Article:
Month: December 2018

O Canada

The legacy of “Mr. Veteran”

Born in Fort William (today’s Thunder Bay, Ont.) in 1919, Cliff Chadderton enlisted with the Royal Winnipeg Rifles on Oct. 15, 1939, with the idea of playing hockey for them. He had been playing for the Winnipeg Rangers, farm team for the New York Rangers. “That’s really why I got into the Army,” he said.  “It wasn’t for military reasons at all.” But he was soon pressed into action and quickly rose through the ranks. In October 1944, he was in command of a company of the Royal Winnipeg Rifles. They were fighting at the Leopold Canal in northern Belgium when a German grenade exploded nearby. “That ended my war,” Chadderton said.  “My troops dug me out.” They put him in a small boat and ferried him across the canal using rifles as paddles. Stretcher-bearers then took him to a field hospi...
A prime minister of war and peace
Military Milestones

A prime minister of war and peace

The calm and soft-spoken Lester Pearson, recipient of the Nobel Peace Prize, was ironically the prime minster with the longest war experience. Pearson enlisted with the Canadian Army Medical Corps in April 1915, as soon as he turned 18, and served as a medical orderly in England, Egypt and Greece, including stints as a stretcher-bearer, rising from private to lieutenant. In 1917, he transferred to the Royal Flying Corps, where he was nicknamed Mike. His flying instructor thought ‘Lester’ was not threatening enough for a fighter pilot. Pearson’s fighter pilot ambitions were cut short by injuries from accidents, including a plane crash and being hit by a bus in 1918 during a blackout, after which he was invalided home. After the war, he had a brief academic career before beginni...
Douglas Gordon (Part 1): Bail out or glide for England
Front Lines

Douglas Gordon (Part 1): Bail out or glide for England

  Given a choice between parachuting into the frigid waters of the English Channel or nursing his dying aircraft for as far as he could take it, Flying Officer Douglas Gordon chose what he saw as the lesser evil—and it may well have saved his life. It was May 3, 1944. Gordon and 17 other Hawker Typhoon fighter-bombers of 440 (City of Ottawa) Squadron, Royal Canadian Air Force, had loaded up with two 500-pound bombs each, then set out to rain down “crap and corruption” on a German destroyer across the English Channel near Cherbourg, France. But the Kriegsmarine gave back as good as it got that day. “We were supposed to dive-bomb it from 9,000 feet,” recalled Gordon, then 21 years old; now 95. “Well, they didn’t tell us one thing: There were four gunboats around it t...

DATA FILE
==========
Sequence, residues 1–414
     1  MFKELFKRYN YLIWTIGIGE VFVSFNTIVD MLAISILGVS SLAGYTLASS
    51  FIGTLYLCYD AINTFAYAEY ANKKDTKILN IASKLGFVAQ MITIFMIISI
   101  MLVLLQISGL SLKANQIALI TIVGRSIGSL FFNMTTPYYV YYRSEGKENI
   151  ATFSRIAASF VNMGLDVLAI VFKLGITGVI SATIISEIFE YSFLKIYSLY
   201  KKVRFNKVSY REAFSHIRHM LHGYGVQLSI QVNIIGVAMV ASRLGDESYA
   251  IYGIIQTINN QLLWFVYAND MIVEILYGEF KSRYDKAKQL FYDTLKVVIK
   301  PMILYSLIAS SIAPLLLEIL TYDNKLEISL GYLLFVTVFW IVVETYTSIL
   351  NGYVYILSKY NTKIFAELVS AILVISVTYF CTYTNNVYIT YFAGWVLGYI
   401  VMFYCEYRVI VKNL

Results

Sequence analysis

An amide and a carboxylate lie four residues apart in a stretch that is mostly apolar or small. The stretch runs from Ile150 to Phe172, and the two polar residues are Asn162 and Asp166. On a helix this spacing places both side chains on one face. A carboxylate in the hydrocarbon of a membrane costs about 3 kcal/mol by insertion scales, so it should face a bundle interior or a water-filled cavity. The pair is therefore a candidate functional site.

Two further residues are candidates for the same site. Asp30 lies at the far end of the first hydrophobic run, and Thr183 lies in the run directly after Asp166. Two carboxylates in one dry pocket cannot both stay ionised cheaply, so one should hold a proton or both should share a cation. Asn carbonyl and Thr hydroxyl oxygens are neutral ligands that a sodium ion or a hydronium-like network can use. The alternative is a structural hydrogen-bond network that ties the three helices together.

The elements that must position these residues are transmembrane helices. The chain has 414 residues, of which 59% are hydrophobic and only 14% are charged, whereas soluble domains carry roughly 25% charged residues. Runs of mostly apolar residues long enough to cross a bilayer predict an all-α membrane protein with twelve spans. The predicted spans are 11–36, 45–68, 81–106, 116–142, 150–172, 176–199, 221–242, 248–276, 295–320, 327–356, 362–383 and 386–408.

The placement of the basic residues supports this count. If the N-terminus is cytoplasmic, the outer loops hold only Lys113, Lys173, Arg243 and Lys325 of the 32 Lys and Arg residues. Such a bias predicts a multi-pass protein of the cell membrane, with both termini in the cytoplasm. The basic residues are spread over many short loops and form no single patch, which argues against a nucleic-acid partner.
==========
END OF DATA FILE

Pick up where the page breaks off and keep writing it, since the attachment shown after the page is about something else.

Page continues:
Christmas at war: Sent to Korea by mistake
Front Lines

Christmas at war: Sent to Korea by mistake

James Victor (Vic) Johnson was a 25-year-old second lieutenant still in training at the Royal Canadian School of Military Engineering in Chilliwack, B.C., when he was mistakenly tagged to go off to war just before Christmas 1951. The Eston, Sask., native had been in no rush to get to the front, but there were two Second Lieutenant Johnsons in training at the time and the other one, who had served several years and wanted a field assignment, had expressed his desire to go. “When an assignment came up for a lieutenant to go to Korea, the general told the adjutant to send for Lieut. Johnson,” he recalls. “The adjutant sent the runner to get Lieut. Johnson out of his class, and he brought back the wrong lieutenant. “While I was in Korea, I ran into the other Lieut. Johns...
The first Canadian in the RFC
Military Milestones

The first Canadian in the RFC

Malcolm McBean Bell-Irving, 22, of Vancouver, made his way to Britain in August 1914 and joined the Royal Flying Corps in September, reportedly the corps’ first Canadian-born pilot, the first Canadian pilot to make a kill in the war, and the first Canadian pilot to be decorated. He joined No. 1 Squadron at Netheravon, England, in December 1914 and flew his first reconnaissance mission in France in March 1915. Within a month, he was wounded for the first time, over Hill 60. He survived at least one accident and many dogfights. In early days before machine guns were mounted on planes, pilots used handguns and shotguns against the enemy. Once when Bell-Irving’s revolver misfired, he threw the gun at a German pilot, hitting him in the head. The London Gazette reported the 1916 awa...
Radar wars
Air Force

Radar wars

A daring mission by a Canadian-crewed Wellington bomber raised the stakes in the Allies’ battle for air supremacy They called it the Wizard War, a battle of scientists and technicians—American, British, Canadian—striving to stay ahead of their German counterparts waging the first electronic war in history. The weapons were radar, radio and countermeasures. The battlefields were laboratories, vast seas, and the sky itself. It was bloodless and bloody. Combat could involve naval fleets and air forces, but could also centre on a single bomber crew, as happened on the night of Dec. 3, 1942. In 1939, RAF Bomber Command had intended to raid German targets in daylight with unescorted bombers, but by the end of the year that plan had been shot down by Luftwaffe fighters who were directed by gr...

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